We do know a few things already about Harbinger’s position.  Harbinger’s proxy statement says that it thinks we’ve “lost strategic, operational and geographic focus.”  That’s a quote – and in making that charge, Harbinger mostly points to acquisitions we made years ago.  And, since those acquisitions were years ago, Harbinger simply can’t square that statement with the reason it gave for investing in Media General just this past summer.  Last summer, Harbinger said that it thought Media General was an “attractive investment.”  (That’s another direct quote.)

Those two statements just don’t add up.  So, is there in fact something else going on here?  We think so.  Perhaps Mr. Cleverdon will tell us today.

One thing Harbinger has criticized is our 2006 NBC acquisition.  And, Mario, I know from our conversations that you believe we paid too much for those four stations.  We’ve detailed the valuations – the price we paid – in the shareholder letter that’s on your chairs, and you can see that there.  I’m also happy to answer any questions about the NBC deal that any of you may have.

In short, though, we don’t think we overpaid, and we’re glad to have those stations.  We think we traded up in a meaningful way for stockholders.  Here’s an example.  Those four stations – in Raleigh, Birmingham, Providence and Columbus, Ohio – came to us just in time for the 2006 election cycle, and they – particularly the Providence and Columbus stations – helped our Broadcast Division generate a cash flow margin of 40.5% in the fourth quarter of 2006.

In 2008 so far, 24% of all our political revenues have come from those same four NBC stations.  (The denominator on that is the 18 stations we expect to own at the end of the year.)  Will we once again produce 40% Broadcast margins in the fourth quarter of 2008?  Well, it’s obviously too early to tell.  But it’s entirely possible.  And we’re working hard for a repeat performance.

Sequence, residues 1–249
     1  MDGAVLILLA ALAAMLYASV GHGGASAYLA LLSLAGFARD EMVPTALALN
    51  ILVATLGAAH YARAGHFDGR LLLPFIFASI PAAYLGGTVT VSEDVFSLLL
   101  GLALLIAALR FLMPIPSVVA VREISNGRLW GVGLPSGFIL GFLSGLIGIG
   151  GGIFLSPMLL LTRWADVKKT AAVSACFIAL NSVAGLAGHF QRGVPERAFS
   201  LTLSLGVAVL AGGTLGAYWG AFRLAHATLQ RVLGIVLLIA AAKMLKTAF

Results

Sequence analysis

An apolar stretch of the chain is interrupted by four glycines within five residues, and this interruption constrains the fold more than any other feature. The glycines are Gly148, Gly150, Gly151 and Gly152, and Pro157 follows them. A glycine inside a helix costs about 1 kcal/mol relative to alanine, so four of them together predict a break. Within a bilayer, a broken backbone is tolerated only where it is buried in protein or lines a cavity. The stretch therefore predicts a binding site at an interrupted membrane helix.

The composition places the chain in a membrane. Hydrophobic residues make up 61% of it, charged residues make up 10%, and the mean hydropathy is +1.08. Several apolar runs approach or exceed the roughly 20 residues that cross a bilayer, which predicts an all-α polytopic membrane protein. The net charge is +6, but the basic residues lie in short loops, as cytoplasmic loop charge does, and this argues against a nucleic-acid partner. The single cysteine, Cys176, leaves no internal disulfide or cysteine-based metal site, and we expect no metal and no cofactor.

This group knows Media General, and to many of you what I’ve said this afternoon will have sounded familiar.  It is familiar.  It’s also consistent.  And it’s right in line with our mission statement and our corporate values.  I’ll want to talk about our stock price in a minute, but the take-away on overall strategy is that we’re very comfortable with where we are strategically and operationally – and so is our Board of Directors.  We’ve been at this for a long time and, no question, many things have changed.  But we do have a long-term perspective, and we believe we’re headed in the right direction, with the right strategy and the right tools to out-perform the rest of our industry.

In this, our A/B stock structure ought to be viewed as an asset.  It was originally designed to protect the editorial integrity of our products.  But it also gives us the ability to remain focused on the long term, and not – and this is important – not succumb to financial engineering devices or trendy plans, if that’s what Harbinger has developed since last summer, when they said they liked us, and this afternoon – when I guess we’ll finally hear why they don’t.

The things I’ve talked about this afternoon are the carefully considered product of all of our experience – and I will say this – all of our expertise – about the best way to approach the development and delivery of local news and information to local markets and the aggregation of local customers for advertisers.

I’ll also add that our A/B stock structure means that, no matter what happens with the vote at our Annual Meeting, we’re not going suddenly to change course and become a different company.  That doesn’t mean we don’t look for and listen to new ideas.  We do.  I said at the top of my talk that we love listening to investors and hearing what’s on their minds. We do listen and when we hear good ideas, we’re not in the least embarrassed to use them.  That’s one of the duties we owe to you.

I’d like to note here that our particular A/B stock structure also means that the interests of all of our stockholders in our operating results are identically aligned.  All of our stock is valued the same.  The B shares do not carry and cannot receive a “control premium.”  All of our shares pay the same dividends, and so all rise or fall equally based on our operating results – and based on how the markets value companies in our industry.

On that front – the way the markets are valuing the companies in our industry – you know, because you follow us closely, that our stock performance has been in the middle of the pack.  The performance of “the pack,” of course isn’t what any of us would like.  But, relative to our peer companies, we also like our strategy, and we also particularly like the number of different tools we’ve assembled and, so, that are available to us to develop and deliver local news and information to local markets.